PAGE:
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Recognizing COVID-19 Misinformation - a pop-up info lit mini-course : Help Stop Information Disorder

Helping to stop the spread of misinformation

Rebecca Cotton (2020) provides excellent ideas for making progress against misinformation.

What we can all do:

Misinformation often spreads faster than real news and reaches a wider audience. It’s also becoming increasingly difficult to identify. The first step in addressing misinformation is acknowledgement: all of us contribute to the problem, and we must all take ownership to stop it. As long as misinformation remains an issue for “the other” to solve—Gen Z, Boomers, Facebook, Millennials, in-laws—it will persist.

We won’t catch all the misinformation streaming past us. But before you re-share that tweet, or tell a friend about that surprising headline you saw, ask yourself three questions:

  1. Where’s it from? Look for the source and be careful of fake copycat websites.To find out more about a website try this fact-checking tip: type a search that looks like site -site:url in a search engine. Example: eureka alert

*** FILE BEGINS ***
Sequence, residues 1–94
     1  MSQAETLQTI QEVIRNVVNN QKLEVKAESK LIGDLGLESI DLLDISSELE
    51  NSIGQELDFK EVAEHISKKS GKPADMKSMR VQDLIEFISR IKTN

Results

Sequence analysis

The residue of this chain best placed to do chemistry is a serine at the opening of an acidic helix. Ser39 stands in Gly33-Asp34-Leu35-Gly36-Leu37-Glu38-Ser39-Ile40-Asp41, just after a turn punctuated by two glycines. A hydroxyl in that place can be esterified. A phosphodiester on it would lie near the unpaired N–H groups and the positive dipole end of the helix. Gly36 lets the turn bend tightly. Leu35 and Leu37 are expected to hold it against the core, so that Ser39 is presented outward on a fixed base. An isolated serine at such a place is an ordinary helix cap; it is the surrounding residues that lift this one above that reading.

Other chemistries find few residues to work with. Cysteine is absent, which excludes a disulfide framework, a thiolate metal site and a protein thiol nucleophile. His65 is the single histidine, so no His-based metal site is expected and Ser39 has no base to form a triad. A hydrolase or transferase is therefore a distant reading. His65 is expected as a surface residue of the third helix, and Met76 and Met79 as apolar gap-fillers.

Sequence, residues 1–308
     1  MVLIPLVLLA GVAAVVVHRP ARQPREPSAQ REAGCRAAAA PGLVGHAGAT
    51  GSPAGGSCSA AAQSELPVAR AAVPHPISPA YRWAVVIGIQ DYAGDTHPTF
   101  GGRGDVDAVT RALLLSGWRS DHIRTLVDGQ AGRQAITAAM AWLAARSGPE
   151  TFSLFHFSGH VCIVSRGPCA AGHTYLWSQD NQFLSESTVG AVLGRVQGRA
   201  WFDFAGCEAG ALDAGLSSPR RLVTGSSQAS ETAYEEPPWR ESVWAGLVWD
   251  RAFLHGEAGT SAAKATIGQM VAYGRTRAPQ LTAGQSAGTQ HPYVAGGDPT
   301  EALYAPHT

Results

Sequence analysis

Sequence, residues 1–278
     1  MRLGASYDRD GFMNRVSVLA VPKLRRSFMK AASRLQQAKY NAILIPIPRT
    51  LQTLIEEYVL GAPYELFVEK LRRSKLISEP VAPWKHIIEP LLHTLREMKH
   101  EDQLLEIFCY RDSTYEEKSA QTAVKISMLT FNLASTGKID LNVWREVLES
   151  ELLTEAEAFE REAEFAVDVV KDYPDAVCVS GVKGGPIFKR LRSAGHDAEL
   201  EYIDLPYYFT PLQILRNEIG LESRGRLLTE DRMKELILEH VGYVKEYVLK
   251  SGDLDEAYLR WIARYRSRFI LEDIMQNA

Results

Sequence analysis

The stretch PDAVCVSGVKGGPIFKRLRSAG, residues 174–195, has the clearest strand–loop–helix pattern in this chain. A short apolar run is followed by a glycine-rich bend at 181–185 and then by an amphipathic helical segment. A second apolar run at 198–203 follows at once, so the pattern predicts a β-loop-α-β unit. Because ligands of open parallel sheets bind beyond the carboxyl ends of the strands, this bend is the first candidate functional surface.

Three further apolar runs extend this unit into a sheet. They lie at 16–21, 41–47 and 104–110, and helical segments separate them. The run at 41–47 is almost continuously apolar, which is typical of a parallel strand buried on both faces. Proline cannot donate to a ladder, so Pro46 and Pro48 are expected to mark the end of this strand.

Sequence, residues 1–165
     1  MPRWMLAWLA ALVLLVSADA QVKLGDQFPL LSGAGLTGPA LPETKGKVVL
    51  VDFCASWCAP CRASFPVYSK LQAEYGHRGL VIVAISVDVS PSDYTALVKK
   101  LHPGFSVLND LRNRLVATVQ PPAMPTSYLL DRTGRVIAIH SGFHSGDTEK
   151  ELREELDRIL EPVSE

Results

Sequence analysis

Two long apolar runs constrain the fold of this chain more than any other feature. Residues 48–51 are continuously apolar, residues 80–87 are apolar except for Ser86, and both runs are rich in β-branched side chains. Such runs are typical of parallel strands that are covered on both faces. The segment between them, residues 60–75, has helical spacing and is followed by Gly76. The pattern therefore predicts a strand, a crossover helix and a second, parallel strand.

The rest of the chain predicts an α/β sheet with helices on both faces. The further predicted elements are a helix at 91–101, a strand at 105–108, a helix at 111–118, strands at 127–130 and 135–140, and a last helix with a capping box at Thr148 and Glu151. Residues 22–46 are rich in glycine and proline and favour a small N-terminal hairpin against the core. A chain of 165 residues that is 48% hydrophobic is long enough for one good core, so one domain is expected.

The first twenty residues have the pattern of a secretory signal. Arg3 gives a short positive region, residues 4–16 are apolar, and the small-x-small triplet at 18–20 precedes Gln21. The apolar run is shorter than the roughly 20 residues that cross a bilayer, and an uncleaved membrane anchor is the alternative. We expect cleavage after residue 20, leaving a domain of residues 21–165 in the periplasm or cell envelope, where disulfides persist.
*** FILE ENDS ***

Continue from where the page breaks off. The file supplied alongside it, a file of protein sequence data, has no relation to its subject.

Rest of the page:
2. What’s missing? Do the headline and article match? Are other news organizations talking about it?

  3. How do you feel? If a headline or article sparks an intense emotion like fear, anger, or vindication, be watchful. That’s a common tactic from someone trying to manipulate you, not from someone trying to spread reputable news.

Other things to consider:

  • Learn who to trust. An unfortunate consequence of disinformation vigilance can be censorship through noise. If vigilance leads us to distrust every headline, then those promoting disinformation are succeeding. This means we are less likely to receive information that is accurate and informative. Learning who generally produces accurate information is as important as carefully examining unknown sources. The American Press Institute offers "Six questions that will tell you what media to trust."